Foreign Minister Bilawal Bhutto Zardari also stated to India Today that Pakistan is willing to peacefully engage with India. On the contrary, the Indian Foreign Minister simply targeted Pakistan by claiming, “Victims of terrorism do not sit together with perpetrators of terrorism to discuss terrorism,”. Another school of thought can claim that India was the host nation, hence, foreign ministers of other states should have been treated with respect. J. Shankar is an intellectually responsible and professional diplomat but hitting below the belt during the SCO meeting leads him to the loss of diplomatic ground and told the international community the phoniness of Modi and BJP. Henceforth it can be stated that the SCO meeting was not utilized to its potential for bilateral cooperation and the rift between India and Pakistan continues.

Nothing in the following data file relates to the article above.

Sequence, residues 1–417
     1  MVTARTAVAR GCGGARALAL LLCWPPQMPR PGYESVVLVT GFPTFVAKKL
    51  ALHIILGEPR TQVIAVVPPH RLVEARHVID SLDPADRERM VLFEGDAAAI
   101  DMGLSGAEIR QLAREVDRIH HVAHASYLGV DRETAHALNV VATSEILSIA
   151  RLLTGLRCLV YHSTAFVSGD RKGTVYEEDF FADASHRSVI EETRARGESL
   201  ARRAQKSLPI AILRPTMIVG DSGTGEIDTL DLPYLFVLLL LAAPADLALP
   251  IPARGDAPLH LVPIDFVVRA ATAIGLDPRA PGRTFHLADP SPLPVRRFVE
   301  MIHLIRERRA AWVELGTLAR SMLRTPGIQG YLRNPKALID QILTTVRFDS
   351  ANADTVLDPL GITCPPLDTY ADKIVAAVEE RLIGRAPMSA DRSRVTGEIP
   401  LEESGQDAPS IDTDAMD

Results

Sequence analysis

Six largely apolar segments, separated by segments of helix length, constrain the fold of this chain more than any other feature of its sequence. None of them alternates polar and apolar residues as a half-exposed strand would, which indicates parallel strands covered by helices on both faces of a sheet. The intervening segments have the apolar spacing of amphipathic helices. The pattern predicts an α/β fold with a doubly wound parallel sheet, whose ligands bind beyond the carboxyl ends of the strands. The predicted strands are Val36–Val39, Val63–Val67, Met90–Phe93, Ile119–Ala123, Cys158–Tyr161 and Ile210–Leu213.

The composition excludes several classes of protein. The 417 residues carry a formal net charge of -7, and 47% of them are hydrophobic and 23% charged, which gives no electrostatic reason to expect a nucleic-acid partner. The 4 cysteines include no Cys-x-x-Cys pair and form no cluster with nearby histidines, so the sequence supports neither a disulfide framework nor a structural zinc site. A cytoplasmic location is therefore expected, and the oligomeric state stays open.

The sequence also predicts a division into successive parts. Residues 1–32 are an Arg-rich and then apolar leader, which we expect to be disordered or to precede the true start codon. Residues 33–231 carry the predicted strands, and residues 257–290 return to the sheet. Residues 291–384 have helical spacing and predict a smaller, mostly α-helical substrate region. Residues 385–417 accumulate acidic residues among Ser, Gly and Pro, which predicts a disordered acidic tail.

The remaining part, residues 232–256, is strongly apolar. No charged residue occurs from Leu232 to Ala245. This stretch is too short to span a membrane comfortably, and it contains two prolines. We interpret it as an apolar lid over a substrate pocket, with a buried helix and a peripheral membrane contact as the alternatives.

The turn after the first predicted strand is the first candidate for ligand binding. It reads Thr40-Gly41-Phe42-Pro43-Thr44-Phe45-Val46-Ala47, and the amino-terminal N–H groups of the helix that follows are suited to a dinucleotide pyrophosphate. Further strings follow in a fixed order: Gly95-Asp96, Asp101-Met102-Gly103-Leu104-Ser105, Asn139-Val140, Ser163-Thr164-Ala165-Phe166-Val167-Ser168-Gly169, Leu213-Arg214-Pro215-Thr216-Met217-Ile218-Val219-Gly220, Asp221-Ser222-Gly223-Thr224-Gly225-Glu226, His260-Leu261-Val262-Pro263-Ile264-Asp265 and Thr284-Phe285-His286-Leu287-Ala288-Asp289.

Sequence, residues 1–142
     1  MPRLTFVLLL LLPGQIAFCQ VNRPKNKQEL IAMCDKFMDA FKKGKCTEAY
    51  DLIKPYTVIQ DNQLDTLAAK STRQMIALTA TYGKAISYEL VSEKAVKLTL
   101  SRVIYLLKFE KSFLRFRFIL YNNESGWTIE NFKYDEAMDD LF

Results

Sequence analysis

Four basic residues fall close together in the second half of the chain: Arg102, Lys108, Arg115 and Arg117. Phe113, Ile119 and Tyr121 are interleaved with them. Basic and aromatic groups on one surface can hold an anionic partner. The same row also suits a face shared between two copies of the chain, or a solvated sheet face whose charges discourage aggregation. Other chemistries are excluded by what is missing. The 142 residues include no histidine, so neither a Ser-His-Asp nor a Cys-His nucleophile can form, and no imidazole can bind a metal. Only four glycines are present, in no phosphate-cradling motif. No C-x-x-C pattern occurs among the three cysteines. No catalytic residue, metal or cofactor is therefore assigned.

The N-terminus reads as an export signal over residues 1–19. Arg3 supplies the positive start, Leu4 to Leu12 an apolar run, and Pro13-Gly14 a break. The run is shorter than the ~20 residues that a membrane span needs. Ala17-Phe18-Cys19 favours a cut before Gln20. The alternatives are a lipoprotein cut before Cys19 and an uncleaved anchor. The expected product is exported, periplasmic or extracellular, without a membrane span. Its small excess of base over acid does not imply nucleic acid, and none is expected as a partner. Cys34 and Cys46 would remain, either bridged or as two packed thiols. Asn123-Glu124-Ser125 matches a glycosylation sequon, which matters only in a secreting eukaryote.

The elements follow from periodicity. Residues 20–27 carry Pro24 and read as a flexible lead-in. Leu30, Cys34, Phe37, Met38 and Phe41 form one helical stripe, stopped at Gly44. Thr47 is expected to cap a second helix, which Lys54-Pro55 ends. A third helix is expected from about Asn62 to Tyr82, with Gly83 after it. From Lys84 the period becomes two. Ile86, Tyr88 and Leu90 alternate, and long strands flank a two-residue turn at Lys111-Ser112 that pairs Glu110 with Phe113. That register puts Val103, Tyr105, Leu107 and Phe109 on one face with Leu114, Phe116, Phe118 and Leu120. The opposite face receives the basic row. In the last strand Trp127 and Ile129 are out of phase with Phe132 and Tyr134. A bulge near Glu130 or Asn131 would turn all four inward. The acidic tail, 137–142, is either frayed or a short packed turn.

Rather than resorting to name-calling, Dr. Jaishankar should take a hard look at the Hindutva Project that is brewing within India and extending its reach globally to persecute Muslims worldwide. India could begin by explaining what its naval commander, Kulbhushan Jhadav, was doing in Pakistan since India is so vocal on the subject of terrorism. India has often used the letter “t” to demean Pakistan at international forums, but it has missed the chance to demonstrate itself as a dependable and ascendant hegemon of South Asia.